To download the mental health report and learn about other employee benefit resources, visit Unum.com/workwell.

    Published with permission from RISMedia.

  • Smart Home Technology You Can Easily Integrate Into Your Home

    3 April 2020

    Smart home technology is advancing beyond telling your phone or internet-enabled device to play music and look up sports scores.

    Smart thermostats, lightbulbs, plugs, locks and doorbells are available to homeowners, and the list of things technology can connect to within a home is growing every year.

    Here are some smart devices you may want to consider integrating into your home:

    Thermostat
    With a variety of options to choose from, one of the most popular smart thermostats among today's homeowners is the Nest Learning Thermostat, which is owned by Google.

    The Nest thermostat uses an algorithm to adapt to your preferences, as well as when you leave and arrive home. When you're away at work, it uses your phone's location to determine that you've left and enters eco mode to save money and energy, reducing bills by up to 15 percent, according to the company.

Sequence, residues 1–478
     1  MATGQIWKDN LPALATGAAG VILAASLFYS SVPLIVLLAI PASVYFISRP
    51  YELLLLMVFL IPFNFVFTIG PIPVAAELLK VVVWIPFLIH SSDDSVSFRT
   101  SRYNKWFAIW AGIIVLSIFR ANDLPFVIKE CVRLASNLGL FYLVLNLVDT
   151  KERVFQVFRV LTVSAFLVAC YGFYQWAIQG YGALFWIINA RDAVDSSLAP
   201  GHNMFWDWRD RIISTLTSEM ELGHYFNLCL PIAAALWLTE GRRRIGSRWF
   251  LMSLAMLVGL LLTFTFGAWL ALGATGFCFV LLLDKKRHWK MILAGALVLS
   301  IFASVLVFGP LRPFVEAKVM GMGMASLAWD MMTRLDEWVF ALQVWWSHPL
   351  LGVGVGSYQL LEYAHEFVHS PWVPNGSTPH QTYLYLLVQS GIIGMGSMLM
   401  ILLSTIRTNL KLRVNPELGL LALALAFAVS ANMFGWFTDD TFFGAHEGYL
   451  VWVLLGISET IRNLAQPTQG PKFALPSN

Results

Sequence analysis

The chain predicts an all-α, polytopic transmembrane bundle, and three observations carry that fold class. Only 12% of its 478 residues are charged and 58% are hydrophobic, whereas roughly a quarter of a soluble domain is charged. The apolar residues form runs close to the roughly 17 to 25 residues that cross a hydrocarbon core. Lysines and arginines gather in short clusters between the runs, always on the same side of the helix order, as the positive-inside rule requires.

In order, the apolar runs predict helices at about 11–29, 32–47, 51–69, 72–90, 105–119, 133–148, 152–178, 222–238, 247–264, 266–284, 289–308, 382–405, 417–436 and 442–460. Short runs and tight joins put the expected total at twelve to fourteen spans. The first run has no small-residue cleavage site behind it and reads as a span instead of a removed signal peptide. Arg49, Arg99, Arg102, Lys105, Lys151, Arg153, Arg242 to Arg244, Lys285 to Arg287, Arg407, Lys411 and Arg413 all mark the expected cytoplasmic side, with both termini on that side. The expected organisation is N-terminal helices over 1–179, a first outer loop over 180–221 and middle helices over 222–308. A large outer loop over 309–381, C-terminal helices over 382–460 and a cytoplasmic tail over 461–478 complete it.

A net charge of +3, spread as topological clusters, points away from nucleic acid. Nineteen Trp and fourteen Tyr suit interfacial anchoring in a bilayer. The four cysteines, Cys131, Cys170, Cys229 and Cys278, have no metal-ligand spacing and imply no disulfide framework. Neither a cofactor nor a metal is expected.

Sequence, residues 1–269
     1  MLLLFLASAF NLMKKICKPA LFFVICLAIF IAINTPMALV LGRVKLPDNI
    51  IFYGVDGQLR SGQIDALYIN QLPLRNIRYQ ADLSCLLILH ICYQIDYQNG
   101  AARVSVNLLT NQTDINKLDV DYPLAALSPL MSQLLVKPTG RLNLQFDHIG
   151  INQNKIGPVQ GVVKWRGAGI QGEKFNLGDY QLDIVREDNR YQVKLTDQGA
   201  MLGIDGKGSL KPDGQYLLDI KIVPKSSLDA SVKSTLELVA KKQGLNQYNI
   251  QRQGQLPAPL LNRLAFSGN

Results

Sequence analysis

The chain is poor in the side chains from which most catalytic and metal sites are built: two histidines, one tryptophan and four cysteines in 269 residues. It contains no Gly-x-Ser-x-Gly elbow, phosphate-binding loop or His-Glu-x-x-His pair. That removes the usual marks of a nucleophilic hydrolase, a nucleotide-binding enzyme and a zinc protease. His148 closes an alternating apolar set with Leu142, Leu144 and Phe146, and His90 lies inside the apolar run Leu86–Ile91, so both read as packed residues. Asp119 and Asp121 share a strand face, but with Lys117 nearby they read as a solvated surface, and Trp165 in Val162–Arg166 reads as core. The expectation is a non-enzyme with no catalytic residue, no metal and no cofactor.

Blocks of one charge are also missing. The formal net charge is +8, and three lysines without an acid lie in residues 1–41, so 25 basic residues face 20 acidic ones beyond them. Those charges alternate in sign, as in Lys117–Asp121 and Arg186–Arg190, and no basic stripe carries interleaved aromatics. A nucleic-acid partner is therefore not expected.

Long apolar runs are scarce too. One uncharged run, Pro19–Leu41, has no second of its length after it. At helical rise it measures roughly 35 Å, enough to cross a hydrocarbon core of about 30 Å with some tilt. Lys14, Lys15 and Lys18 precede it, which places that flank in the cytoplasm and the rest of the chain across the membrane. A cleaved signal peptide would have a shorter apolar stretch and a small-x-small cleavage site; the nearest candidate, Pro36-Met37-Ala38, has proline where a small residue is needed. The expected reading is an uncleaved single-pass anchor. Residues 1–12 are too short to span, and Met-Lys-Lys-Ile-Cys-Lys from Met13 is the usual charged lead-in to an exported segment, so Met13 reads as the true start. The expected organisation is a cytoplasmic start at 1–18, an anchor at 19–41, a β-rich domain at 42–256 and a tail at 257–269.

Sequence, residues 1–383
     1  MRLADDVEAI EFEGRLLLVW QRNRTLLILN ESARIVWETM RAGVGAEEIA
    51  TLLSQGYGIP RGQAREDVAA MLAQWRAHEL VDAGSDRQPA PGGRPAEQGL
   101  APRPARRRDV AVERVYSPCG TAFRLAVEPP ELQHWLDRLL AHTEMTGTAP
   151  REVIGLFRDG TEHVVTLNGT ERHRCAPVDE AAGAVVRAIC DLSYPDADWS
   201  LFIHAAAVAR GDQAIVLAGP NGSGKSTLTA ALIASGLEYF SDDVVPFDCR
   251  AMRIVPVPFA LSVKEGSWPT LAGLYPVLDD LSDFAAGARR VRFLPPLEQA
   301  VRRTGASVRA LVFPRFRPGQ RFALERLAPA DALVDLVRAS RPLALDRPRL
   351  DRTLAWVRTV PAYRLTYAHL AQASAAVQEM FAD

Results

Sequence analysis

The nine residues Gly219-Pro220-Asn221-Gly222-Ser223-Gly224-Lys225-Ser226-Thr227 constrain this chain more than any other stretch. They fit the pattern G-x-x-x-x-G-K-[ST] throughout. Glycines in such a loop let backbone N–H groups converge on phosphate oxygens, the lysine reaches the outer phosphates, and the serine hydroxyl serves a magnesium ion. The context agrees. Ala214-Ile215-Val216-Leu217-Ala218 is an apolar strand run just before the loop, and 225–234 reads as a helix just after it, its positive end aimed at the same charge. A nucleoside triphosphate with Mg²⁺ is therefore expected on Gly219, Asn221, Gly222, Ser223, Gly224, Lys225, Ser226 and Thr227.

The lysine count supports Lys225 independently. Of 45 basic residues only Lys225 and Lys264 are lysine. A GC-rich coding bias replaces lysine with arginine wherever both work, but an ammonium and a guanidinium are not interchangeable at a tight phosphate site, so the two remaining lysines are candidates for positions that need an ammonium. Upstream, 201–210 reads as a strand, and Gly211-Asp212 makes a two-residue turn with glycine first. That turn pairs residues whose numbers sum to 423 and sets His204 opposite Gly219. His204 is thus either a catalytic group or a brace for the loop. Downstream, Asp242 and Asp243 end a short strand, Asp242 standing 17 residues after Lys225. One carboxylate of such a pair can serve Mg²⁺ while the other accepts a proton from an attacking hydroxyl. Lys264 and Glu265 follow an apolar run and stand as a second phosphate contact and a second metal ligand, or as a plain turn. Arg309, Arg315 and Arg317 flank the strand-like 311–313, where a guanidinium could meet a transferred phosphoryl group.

Floodlight
    The Sengled Smart LED Floodlight is an inexpensive way to monitor your home as a motion sensor, while providing light without having to turn the light switch on and off.

    Unlike some motion detector lights that require installing new fixtures and possibly wiring, the Sengled Smart LED bulb connects to existing fixtures. Built-in motion and daylight sensors turn the light on automatically for 90 seconds when motion is detected within 30 feet. The light can also be controlled through voice control on Alexa or Google Assistant.

    With the Sengled app, you can even receive mobile notifications when motion is sensed.

    Smart Lock
    The August Smart Lock Pro + Connect attaches to the existing deadbolt and features keyless access. With your phone in your pocket, you can open the door without fumbling for your keys. It automatically locks the door behind you after you leave.

    The lock can also be voice activated through Siri, Amazon Alexa or Google Assistant.

    Smart Doorbell
    Want to see who's ringing the doorbell? With continuous streaming and video recording, the Nest Hello gives you a 160-degree view and visitor detection alerts. It also has a speaker and microphone so that you can communicate with visitors knocking on your front door whether you're inside the house—or away from home.

    Published with permission from RISMedia.

  • Seven Top Ways to Keep Your Family Healthy